Government ministers were considering a personal cap on social care costs in England prior to the coronavirus outbreak, a senior figure has said.
The idea was raised during talks with Sir Andrew Dilnot, who was asked to lead a cross-party commission on Funding for Care and Support in 2010, in January and February, the BBC reported.
A specific social care tax was among options discussed to cover the costs of social care, a senior figure involved in the talks said, and there had been ‘90% agreement’ on revisiting Sir Andrew’s model.
The Dilnot Commission recommended a partnership model with a much more generous means test and a lifetime ‘cap’ of between £25,000 and £50,000 on social care costs to ensure the state stepped in where people faced catastrophic costs that cannot be planned for.
The plans received Royal Assent in 2015, but a lack of political support from the then Prime Minister and Chancellor of the Exchequer following the general election led to further delays.
The Independent Care Group (ICG) said it was “a scandal” that reform was so close to being unveiled before being kicked down the road again.
ICG chair, Mike Padgham, said: “If true, this is an awful revelation and evidence of the latest of many horrendous delays in tackling social care which have left the sector chronically under-prepared for situations like coronavirus.
“We have been lobbying for reform for many years and to learn that plans were almost put in place but then delayed again is a kick in the teeth for all care providers at this challenging time.”
By contrast, Steven Cameron, Pensions Director at Aegon, said the news that the plans may be revisited was “encouraging”.
“Because of the very significant costs involved, we believe any fair and sustainable system must include some sharing of costs between the state and those individuals in need of care, depending on their wealth. But it’s grossly unfair that some individuals needing longer term care can see their life savings wiped out because of catastrophic care costs,” he said.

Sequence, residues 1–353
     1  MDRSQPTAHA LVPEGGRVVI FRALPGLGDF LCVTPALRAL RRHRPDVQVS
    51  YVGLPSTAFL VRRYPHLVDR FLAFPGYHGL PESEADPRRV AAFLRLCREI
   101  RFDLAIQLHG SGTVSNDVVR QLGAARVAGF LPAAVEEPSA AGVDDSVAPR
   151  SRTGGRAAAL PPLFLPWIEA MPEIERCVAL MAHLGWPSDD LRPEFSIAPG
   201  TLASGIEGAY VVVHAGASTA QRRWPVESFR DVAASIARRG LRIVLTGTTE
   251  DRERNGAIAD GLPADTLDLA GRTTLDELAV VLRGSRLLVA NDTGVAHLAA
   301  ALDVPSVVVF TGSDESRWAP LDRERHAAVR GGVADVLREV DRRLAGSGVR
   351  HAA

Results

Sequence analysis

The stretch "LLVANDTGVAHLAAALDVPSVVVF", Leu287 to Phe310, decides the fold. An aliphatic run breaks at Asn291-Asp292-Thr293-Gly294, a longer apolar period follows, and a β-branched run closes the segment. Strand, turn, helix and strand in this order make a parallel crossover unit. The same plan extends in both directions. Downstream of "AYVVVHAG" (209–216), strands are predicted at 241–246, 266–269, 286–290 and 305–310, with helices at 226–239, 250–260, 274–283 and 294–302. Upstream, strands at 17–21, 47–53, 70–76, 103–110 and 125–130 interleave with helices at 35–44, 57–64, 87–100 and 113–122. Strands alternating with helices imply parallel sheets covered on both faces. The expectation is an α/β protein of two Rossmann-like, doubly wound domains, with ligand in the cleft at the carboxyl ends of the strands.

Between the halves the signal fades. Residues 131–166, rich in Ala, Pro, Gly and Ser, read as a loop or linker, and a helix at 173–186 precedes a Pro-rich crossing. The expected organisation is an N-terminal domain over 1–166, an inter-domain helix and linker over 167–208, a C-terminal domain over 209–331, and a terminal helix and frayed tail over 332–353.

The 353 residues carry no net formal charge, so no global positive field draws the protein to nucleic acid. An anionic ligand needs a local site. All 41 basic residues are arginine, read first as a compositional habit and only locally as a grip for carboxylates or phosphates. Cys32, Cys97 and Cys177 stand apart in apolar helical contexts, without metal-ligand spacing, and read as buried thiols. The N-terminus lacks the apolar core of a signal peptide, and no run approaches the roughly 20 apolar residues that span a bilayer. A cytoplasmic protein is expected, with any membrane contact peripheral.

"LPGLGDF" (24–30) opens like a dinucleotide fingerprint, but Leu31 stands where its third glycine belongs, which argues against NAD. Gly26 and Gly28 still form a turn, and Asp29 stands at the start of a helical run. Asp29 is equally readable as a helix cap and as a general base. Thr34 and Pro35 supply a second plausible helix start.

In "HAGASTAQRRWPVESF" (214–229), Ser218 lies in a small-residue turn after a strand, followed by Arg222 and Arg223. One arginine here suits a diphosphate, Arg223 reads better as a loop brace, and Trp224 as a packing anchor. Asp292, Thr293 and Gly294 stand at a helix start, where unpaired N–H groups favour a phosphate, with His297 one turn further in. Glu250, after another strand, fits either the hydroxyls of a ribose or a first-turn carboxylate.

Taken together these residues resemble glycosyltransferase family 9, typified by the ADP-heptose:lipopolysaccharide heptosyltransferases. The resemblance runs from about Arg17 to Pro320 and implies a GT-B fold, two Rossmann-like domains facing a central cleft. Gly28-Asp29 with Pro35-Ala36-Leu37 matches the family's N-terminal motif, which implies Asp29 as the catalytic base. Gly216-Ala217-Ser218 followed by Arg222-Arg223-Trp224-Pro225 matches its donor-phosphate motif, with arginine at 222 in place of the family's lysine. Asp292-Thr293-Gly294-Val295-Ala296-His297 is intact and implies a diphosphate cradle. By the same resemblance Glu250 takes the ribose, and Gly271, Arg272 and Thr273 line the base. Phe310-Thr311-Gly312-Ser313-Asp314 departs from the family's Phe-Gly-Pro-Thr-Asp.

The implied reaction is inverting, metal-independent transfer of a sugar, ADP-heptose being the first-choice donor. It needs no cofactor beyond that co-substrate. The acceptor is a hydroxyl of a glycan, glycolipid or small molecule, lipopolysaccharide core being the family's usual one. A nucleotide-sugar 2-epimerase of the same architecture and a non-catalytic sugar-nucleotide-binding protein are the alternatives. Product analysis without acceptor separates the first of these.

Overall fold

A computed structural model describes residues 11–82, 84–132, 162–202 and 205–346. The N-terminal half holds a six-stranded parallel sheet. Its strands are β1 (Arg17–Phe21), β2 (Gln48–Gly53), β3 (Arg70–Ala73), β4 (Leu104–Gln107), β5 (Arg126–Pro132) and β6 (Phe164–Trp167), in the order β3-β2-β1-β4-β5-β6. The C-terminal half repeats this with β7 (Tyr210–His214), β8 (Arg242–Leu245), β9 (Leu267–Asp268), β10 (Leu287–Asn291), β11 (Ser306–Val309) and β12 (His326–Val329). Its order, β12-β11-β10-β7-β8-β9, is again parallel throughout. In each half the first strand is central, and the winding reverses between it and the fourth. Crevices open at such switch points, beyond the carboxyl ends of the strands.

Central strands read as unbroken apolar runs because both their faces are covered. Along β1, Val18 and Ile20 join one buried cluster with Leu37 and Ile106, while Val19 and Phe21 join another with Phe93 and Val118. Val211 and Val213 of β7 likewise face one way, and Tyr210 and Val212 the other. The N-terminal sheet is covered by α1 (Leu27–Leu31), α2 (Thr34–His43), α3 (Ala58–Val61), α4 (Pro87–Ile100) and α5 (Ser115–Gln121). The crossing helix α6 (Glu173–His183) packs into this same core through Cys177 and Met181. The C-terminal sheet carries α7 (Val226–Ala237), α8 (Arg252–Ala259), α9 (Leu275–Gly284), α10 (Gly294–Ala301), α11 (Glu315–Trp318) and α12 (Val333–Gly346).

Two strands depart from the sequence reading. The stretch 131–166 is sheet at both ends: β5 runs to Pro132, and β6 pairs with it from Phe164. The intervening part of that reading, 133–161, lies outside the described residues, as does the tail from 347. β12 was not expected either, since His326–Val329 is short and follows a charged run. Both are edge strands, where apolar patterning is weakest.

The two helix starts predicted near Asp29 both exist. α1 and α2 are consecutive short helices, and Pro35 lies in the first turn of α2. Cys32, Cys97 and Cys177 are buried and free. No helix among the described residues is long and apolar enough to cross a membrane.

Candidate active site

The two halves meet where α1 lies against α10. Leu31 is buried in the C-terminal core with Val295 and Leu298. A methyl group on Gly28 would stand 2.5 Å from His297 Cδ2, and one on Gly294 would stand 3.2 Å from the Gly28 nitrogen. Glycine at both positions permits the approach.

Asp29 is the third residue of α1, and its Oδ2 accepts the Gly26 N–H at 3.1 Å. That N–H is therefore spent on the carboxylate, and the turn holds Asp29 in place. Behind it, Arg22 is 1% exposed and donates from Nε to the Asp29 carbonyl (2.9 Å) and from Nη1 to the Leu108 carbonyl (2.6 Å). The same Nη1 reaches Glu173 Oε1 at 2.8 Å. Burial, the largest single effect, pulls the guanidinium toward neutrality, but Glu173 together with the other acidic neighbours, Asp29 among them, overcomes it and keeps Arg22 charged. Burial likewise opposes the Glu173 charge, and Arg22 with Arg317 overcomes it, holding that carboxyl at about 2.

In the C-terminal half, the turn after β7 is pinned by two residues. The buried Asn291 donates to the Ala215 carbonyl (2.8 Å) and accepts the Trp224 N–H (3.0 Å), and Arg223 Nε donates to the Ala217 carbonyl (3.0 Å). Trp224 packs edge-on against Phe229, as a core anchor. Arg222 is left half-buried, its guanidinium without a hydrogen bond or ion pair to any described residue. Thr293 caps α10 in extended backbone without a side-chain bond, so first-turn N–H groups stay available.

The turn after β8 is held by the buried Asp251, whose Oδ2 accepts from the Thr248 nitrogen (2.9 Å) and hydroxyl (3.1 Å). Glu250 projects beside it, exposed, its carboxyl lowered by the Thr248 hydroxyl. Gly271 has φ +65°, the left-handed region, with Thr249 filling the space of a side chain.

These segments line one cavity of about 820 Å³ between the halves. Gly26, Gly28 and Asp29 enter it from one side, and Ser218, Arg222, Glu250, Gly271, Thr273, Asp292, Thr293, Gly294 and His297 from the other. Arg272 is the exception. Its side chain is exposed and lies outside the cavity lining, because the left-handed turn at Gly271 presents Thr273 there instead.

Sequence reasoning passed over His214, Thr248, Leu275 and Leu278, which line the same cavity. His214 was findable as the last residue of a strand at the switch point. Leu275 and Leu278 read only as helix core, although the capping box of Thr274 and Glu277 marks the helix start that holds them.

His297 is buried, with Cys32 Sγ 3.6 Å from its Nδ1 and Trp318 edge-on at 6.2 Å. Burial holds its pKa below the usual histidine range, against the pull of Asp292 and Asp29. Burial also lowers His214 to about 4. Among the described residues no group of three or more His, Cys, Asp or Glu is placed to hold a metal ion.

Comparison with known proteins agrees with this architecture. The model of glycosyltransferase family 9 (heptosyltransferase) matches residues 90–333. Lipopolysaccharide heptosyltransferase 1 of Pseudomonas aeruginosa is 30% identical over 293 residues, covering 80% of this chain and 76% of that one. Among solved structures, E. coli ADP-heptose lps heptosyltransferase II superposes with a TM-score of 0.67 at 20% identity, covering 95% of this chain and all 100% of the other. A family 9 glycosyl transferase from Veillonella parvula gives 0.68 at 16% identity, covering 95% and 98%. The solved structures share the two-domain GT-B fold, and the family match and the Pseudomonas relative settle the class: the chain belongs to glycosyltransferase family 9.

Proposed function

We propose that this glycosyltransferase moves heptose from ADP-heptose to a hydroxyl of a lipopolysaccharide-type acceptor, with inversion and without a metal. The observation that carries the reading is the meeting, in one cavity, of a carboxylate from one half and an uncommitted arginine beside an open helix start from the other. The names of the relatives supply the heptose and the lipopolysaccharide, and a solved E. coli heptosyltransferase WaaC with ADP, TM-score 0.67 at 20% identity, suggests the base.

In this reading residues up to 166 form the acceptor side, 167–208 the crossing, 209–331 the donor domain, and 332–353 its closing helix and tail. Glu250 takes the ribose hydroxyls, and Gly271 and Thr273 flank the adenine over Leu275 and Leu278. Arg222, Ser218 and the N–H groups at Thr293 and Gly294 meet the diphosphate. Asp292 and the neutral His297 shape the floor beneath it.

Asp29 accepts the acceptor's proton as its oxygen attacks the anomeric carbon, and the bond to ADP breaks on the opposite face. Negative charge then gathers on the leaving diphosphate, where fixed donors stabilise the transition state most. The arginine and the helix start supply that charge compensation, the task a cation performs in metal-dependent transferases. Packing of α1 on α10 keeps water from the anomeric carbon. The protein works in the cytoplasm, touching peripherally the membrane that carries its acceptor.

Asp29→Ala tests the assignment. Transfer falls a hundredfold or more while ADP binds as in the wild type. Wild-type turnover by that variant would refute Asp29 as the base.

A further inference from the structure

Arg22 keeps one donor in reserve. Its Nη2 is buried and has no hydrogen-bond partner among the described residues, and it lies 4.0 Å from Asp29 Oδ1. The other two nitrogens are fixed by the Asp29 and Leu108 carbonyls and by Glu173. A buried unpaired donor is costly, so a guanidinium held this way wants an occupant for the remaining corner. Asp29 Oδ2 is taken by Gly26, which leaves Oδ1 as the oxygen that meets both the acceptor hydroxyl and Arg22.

“This is why it’s vital that any new system includes a cap on the lifetime care costs anyone faces, which will also allow people to plan ahead to pay their share while protecting inheritance aspirations. It’s therefore encouraging that reports suggest a system close to what was proposed nearly a decade ago by the Dilnot Commission is back under consideration. Ministers will face a difficult decision about what level to set any cap on social costs at, but this can’t be left any longer.”
A Department of Health and Social Care spokesperson said: “The care workforce is playing an essential role in the fight against Covid-19, caring for our loved ones during a challenging time. We have set out a comprehensive action plan to support the adult social care sector in England throughout the coronavirus outbreak, including expanding testing to all social care workers and care home residents, providing PPE and helping to minimise the spread of the virus to keep people safe.
“We know there’s a need for a long-term solution for social care and there are complex questions to address. We will bring forward a plan that puts social care on a sustainable footing.”